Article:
When Kids Behave Like Animals Ought to Tort Legislation Deal with Them Otherwise?

In tort law, the law generally only holds one person accountable for their own actions. Reformulation (second) of unlawful acts §315. The reason for this is obvious: if tort law is to influence behavior, it should only be enforced where it has a deterrent effect. Usually one person has not engaged in bad behavior in which a third party has behaved badly. It therefore makes perfect sense that tort law does not hold any person responsible for the actions of third parties.

But as with most legal norms, there are exceptions. While there is generally no duty of care to prevent harmful acts of others, when a parent has the ability to prevent harm from a child and is aware of a case or encounter where such control should be exercised over the child, one parent can be held liable for negligence. Restatement (second) of unauthorized acts §316. See, e.g., Linder v. Bidner, 50 Other 2d 320, 270 NYS2d 427 (Sup. Ct. 1966). It appears that a parent has a responsibility to prevent foreseeable harm from a child under their control.

However, the law limits the scope of this liability. A parent cannot be sued for the illicit acts of their children under strict liability. It appears that failure to control a wild child does not constitute an “unusually dangerous activity”, so strict liability is implied. See, Restatement (Second) of Torts §519.

Compare this to the law of domesticated animals. The owner of a domesticated animal can be sued if he fails to control the animal that belongs to him with reasonable care. Restatement (second) of Torts 518. See e.g. Drake versus Dean, 19 Rptr. 2d 325 (1993). However, the owner of such an animal can also be held strictly liable if he knows the animal’s propensity for malicious acts and is able to prevent the harm. Restatement (second) of unauthorized acts §509. The factors required to hold a pet owner liable for the illicit acts committed by their pet are very similar to the factors that the law takes into account when it comes to holding parents liable for their children’s acts of negligence .

It makes perfect sense that the considerations for these two areas of law are the same. The message that the law perpetuates is that when one is in control of something that can cause harm, be careful that it does no harm or is otherwise held liable.

However, it makes less sense why liability for children is limited to negligence, while the owner of a pet is liable both negligently and regardless of fault.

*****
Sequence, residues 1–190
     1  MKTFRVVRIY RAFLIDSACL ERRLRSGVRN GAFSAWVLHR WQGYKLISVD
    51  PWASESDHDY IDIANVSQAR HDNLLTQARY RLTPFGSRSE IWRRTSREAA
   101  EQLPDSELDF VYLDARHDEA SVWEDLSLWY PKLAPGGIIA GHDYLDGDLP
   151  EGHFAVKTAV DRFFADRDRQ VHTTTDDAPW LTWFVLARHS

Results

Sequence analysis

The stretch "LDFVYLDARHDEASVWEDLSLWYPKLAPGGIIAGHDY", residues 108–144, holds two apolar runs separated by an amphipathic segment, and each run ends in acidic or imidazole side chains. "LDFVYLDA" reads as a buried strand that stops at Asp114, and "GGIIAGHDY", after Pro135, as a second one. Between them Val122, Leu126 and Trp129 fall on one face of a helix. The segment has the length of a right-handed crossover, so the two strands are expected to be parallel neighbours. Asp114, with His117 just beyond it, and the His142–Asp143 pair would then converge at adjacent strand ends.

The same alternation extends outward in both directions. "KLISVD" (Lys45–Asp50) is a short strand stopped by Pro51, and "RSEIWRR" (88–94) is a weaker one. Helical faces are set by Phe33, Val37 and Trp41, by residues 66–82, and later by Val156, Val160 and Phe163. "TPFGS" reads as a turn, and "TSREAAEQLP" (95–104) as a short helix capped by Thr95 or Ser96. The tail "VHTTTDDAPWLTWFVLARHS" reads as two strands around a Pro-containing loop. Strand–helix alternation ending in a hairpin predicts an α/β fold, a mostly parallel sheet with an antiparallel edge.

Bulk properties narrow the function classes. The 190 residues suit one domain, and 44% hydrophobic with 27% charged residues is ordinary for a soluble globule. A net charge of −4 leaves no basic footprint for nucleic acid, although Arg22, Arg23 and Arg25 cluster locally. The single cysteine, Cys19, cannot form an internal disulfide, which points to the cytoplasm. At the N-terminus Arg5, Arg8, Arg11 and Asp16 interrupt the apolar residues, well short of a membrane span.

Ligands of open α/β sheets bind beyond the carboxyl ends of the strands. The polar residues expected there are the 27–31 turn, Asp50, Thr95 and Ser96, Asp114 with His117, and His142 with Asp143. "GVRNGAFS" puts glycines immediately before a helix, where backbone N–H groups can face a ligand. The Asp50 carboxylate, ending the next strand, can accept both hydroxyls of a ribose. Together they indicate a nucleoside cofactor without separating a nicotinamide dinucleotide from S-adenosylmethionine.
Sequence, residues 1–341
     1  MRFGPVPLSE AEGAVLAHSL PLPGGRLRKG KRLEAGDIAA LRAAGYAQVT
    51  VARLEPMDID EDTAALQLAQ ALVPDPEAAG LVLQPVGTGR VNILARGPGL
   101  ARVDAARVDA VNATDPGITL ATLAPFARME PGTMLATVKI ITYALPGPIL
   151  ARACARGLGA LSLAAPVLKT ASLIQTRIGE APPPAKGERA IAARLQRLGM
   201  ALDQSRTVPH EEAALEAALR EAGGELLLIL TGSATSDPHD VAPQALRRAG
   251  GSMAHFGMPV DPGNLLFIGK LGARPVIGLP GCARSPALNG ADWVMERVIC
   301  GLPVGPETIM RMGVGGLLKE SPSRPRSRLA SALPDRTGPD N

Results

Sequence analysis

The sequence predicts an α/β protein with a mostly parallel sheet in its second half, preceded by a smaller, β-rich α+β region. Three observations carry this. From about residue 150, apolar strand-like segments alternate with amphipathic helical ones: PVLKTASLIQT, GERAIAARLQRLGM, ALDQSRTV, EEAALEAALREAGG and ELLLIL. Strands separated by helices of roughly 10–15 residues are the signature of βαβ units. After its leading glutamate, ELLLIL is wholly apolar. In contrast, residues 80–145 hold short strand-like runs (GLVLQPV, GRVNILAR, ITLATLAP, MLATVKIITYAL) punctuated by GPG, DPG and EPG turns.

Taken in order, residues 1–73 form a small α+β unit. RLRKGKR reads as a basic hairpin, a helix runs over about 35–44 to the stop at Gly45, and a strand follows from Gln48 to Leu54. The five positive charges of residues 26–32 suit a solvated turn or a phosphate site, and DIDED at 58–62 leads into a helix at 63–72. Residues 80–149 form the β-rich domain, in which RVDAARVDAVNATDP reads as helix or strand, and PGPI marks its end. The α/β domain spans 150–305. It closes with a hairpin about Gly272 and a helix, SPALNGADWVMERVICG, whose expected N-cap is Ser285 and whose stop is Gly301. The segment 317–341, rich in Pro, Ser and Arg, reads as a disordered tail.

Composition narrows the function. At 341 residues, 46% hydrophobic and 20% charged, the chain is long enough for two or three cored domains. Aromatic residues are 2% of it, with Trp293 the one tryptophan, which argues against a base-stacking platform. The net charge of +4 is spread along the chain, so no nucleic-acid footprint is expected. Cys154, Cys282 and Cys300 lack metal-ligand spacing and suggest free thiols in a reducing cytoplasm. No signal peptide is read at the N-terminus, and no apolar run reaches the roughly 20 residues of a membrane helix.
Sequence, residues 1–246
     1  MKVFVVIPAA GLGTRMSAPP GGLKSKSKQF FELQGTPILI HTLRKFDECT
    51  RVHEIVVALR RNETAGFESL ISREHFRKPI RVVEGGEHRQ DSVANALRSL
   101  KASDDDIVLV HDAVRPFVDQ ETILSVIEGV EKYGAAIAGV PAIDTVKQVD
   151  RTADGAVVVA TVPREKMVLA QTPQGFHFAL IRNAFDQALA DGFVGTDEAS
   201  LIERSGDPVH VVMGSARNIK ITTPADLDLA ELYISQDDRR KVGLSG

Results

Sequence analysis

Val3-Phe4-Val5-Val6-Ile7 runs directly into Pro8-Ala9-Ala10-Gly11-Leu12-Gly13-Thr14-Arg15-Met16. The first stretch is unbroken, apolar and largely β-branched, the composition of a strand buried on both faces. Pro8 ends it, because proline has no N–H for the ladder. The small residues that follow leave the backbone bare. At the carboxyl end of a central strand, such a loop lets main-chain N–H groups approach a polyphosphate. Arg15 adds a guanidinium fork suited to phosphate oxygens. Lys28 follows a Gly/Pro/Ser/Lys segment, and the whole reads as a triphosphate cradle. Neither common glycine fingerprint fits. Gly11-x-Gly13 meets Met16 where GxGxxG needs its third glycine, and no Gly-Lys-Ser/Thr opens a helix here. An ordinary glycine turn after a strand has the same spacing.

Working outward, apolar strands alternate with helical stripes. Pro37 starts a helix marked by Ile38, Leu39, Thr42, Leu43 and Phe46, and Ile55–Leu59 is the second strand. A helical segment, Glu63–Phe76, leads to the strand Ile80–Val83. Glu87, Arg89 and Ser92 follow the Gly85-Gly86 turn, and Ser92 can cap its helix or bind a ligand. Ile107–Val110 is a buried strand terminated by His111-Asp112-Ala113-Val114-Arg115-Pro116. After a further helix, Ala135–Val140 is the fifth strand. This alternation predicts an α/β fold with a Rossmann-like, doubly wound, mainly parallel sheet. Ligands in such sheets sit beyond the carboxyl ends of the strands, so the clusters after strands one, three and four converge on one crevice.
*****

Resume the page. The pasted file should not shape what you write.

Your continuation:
Simply put, why are you liable if you fail to take reasonable care to keep a generally tame house cat that has bitten someone in check, but not for failing to take reasonable care when you are generally tame Kid doing exactly the same thing? And if it is appropriate to hold the owner of the animal strictly liable, if he knows his animal’s propensity to cause harm, has the ability to control it but not, then why no strict liability applies if the animal is through one Child is replaced? This is indeed an obvious anomaly in tort law.

It can be argued strongly that there should be no difference. If the underlying purpose of this area of ​​law is to ensure that a high level of care is applied when a person is knowingly harboring an actor capable of causing harm, then there should be no distinction between children and domesticated animals.

One suggestion as to the difference in treatment, despite the obvious parallels, is that the law impose a liability that discourages animal ownership more quickly than it does not create incentives for raising children. In fact, the law is constantly trying to encourage childbirth. See e.g., National Academies of Science, Engineering and Medicine 2016. Parenting issues: Support from parents of children aged 0-8. 107 (The National Academies Press, 2016 (“Substantial federal financial support is intended for children and helps their parents to meet their basic needs.”)

Perhaps the law is less inclined to provide such animal-keeping incentives, especially given the current sentiment that actually suggests the country is suffering from an overpopulation of some domesticated pets. See e.g. Cty. by Cook v. Vill. from Bridgeview, 2014 IL App (1.) 122164, 8 NE3d 1275, 1278 (“the animal control problem … is both a local and a national concern. “

Therefore, the next time a court is faced with the question of harm caused by harmful children and / or animals under the control of a third party, the court should determine whether this strange (and possibly arbitrary) differential treatment of the in both cases where the underlying purpose of the two laws is nearly identical.

Perhaps there is no reason for the courts to address this anomaly in common law. Ultimately, claimants suing for harm caused by children can simply stick to their claims of negligence and may not need strict liability.

However, for those seeking clarity and coherence within common law, one should hope that the courts will have the opportunity to hear cases that allow for an explanation of these ideas, with observers either being given an explanation of why the two cases are so different treated, or a decision that says they shouldn’t be anymore.

Elliot Fuchs is a student at Georgetown University Law Center and editor of the Georgetown Journal of Legal Ethics. You can reach him by email at [email protected].

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